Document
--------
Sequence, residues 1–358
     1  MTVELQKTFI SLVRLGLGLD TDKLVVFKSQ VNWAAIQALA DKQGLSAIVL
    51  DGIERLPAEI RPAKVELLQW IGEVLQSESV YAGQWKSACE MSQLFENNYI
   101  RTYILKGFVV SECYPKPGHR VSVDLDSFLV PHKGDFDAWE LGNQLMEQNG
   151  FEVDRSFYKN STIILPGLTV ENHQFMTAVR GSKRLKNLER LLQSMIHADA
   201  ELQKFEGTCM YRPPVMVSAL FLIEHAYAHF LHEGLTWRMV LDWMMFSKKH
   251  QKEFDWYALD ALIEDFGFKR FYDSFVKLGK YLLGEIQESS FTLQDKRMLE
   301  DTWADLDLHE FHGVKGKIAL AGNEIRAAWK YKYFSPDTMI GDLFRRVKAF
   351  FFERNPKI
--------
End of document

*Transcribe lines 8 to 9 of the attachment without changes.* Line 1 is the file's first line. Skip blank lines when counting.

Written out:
   301  DTWADLDLHE FHGVKGKIAL AGNEIRAAWK YKYFSPDTMI GDLFRRVKAF
   351  FFERNPKI